Investments in rail network: great disparities on country ranking

If comparison mean sometimes distorsion, the latest barometer of investments per capita rail network presented by the german website Allianz pro Schiene shows however significant disparities between countries. According to specialist consultant SCI Verkehr, some European countries offer a three-figure public investment per capita for their rail infrastructure. Switzerland occupies unsurprisingly the first place with €365 per citizen, followed by Austria, which invests €218 per inhabitant. For years, the two Alpine countries have spent more money on their rail networks than on their road infrastructure. This may be the effect of the extent of these two networks in a difficult topography of mountains. The group which is very close to Austria, is unsurprisingly the three Scandinavian countries and … Great Britain. Sweden invests €172 per citizen, network spending in the United Kingdom is €116 and the Netherlands €135 per capita.

Under the €100 mark, investments are also booming in other European countries: Italy spends 93 euros on its network, while Germany spends only 77 euros per citizen, which means that it is not yet ready to reduce the vast financing gap that separates it from that of these neighbors, except France (40 € / inhabitant …). Surprisingly, Belgium, which is « in the heart » of Europe, is not included. Statistical problems?

The table above also tells us that per capita investment is falling by more than half for all major networks except … in Great Britain. Scale effect? France (30.000km), Germany (33.300km) and Italy (16.700km) obviously can not be compared with Austria (4.850km) and Switzerland (5.500km in total, of which 3.230 for the only SBB). The Netherlands is in between.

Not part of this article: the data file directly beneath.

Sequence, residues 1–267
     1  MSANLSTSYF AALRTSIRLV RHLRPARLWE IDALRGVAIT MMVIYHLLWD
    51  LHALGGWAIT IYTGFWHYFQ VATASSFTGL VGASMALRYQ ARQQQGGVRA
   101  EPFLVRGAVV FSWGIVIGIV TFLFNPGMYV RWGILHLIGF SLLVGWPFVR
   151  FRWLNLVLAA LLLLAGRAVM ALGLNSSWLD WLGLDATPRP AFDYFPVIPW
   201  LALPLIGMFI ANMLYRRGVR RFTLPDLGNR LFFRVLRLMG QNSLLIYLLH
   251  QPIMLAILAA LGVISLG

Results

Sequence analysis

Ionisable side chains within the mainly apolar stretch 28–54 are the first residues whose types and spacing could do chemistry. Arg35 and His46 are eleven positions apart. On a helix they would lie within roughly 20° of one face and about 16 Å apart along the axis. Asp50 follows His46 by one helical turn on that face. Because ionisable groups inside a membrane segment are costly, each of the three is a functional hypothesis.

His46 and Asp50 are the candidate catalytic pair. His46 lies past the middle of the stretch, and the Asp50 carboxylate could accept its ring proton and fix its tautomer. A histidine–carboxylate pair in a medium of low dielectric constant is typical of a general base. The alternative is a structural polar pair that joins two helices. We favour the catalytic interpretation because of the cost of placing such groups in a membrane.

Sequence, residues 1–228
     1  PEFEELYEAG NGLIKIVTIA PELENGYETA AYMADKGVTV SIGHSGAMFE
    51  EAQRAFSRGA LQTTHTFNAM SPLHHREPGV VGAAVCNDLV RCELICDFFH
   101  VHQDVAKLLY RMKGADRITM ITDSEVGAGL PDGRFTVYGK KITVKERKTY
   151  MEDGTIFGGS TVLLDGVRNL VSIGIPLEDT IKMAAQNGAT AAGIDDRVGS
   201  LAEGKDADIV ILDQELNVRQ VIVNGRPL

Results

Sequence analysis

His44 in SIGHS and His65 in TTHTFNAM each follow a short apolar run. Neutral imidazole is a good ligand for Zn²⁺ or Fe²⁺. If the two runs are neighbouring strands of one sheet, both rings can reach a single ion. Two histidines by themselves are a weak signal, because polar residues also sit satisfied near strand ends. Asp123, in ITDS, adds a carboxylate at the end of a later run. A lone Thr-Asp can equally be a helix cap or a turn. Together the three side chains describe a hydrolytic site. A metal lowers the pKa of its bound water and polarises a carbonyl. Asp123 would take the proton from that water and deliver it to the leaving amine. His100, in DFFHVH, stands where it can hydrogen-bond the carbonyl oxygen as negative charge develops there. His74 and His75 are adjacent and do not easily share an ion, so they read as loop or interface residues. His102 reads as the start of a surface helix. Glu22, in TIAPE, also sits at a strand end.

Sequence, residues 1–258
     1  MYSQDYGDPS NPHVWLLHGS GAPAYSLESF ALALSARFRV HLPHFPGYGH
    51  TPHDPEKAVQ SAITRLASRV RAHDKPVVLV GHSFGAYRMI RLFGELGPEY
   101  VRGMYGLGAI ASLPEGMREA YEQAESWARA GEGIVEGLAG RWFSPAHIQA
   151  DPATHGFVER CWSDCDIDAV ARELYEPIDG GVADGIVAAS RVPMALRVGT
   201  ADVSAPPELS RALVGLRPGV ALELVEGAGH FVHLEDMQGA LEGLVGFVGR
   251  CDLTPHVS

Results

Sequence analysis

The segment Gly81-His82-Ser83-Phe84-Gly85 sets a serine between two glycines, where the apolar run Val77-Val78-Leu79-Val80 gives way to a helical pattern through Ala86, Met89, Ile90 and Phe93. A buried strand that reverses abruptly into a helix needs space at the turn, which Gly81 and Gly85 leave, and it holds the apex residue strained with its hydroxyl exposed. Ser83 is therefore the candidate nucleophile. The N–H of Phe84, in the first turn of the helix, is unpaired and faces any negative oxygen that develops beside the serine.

Interesting data for this study also concern the politic priority given to rail: we see in the table below that Austria spends more on its railway (in blue) than on the road (in red). Switzerland is practically at parity. We can translated that by a political will, but we must also take into account the expensive rail tunnels that the two countries are still finalizing at this time, which would then distort comparisons, given the topography of the alpine countries. The huge cost of Ceneri tunnel in Switzerland or the Brenner tunnel in Austria play surely a great role.


In summary, a beneficial exercise but probably a little bit simplistic, which must be taken as a simple picture. Was the index of living standards taken into account ? If the cost of living is 122.67 in Switzerland, it is only 74.62 in France and 66.57 in Germany. The lenght of the network per capita also plays: 649m of line per inhabitant in Switzerland, 563m in Austria, 452m in France, 409m in Germany and only 243m per inhabitant in Great Britain. It must be added the intensity of use of the tracks, their wear, the frequency of maintenance interventions, the costs of maintenance, etc …

In addition, Germany and France are major car manufacturing countries, and we do not doubt the weight of the lobbies on the respective governments. We must still add the cost of the social model, and we all know that the Latin models, applied to the railways, are very greedy in public money, which means much less subsidy available for investments in the way. It is also reasonable to think that the size of the railway infrastructure managers also plays out: there are nothing in common between SBB or ÖBB networks, with SNCF Réseau, ADIF (Spain) or Network Rail. Nevertheless, the two alpine countries have high-level railway policies, which puts them at the top of the list.